Some translations of Genesis 2:24 (eg NKJV) say:

Therefore a man shall leave his father and mother and be joined to his wife, and they shall become one flesh.

While others (eg KJV) use the active tense:

Therefore shall a man leave his father and his mother, and shall cleave unto his wife: and they shall be one flesh.

Which is the better translation? I ask because in Mark 10:9, Jesus seems to be quoting v24 to point out the passiveness of the joining, because it is God who joins husband and wife together:

Therefore what God has joined together, let not man separate.

Which translation of the verb did the LXX use?

  • I highly doubt that the NKJV's replacement of the less common and more archaic shall cleave with the more common and contemporary shall be joined has some deep, mystical connotations. I also doubt that the joining of man and woman in marriage is passive on the side of the two spouses; God does not exactly pick random strangers of the street, and then informs them that He will now join the two of them in marriage. – Lucian Oct 15 at 15:58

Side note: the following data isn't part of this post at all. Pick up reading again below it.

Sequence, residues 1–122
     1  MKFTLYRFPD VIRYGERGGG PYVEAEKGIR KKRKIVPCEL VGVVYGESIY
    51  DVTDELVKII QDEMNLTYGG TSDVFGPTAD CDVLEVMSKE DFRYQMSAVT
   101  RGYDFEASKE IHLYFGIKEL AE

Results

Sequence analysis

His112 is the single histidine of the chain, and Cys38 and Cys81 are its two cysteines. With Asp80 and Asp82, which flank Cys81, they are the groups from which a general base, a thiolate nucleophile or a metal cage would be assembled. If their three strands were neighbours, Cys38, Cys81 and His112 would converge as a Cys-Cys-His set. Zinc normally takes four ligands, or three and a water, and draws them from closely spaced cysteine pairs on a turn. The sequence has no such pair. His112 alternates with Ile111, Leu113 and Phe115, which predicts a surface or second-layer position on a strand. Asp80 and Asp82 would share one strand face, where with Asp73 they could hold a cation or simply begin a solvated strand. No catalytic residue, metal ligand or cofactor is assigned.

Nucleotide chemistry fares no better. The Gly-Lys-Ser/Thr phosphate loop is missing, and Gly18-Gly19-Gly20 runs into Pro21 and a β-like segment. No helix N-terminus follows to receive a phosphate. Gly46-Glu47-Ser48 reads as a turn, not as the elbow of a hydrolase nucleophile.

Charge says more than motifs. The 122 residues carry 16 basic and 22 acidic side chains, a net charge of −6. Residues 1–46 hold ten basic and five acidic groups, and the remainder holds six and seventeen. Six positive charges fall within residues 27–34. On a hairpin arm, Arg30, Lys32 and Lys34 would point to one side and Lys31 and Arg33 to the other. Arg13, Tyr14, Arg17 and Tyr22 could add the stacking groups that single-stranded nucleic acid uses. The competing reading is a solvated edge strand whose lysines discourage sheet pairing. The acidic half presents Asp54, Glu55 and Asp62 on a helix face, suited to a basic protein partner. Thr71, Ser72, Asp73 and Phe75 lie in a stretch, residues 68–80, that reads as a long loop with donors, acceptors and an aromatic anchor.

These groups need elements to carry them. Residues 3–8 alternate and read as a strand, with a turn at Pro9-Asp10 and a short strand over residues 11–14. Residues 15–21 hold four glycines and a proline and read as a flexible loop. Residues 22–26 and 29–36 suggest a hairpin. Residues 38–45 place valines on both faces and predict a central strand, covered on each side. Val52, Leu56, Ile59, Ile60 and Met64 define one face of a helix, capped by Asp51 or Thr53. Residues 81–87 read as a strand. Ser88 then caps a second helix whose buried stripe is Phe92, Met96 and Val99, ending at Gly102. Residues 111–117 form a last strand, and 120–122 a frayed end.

up vote 2 down vote accepted

The verb in Hebrew is דָבַק with the preposition בְּ; in Greek, it is προσκολληθήσεται πρὸς. Thus, in Hebrew it is a Qal verb, and in Greek it is a passive voice.

However, this does not really mean anything. For example, in Russian, to spell is a reflexive (i.e., literally "the word spells itself as W-O-R-D"), but this does not mean that Russian speakers imagine spelling differently than English speakers. Whether a verb is active, middle or passive morphologically does not have a direct bearing on the question of meaning.

The verb is in my opinion best understood as a stative, which can easily be expressed with both an active and a passive voice depending on the language. In the Hebrew text there is no basis for Mark's interpretation, because we would then expect a passive Hiphil, "man is caused to cleave to ... [by God]", or an active Hiphil with God as the subject, "God causes man to cleave to ...".

  • 2
    So... in Hebrew, it's active. In Greek, LXX, it's passive. Mark uses the LXX, so he understands it to be passive. – xiota Oct 11 at 10:01

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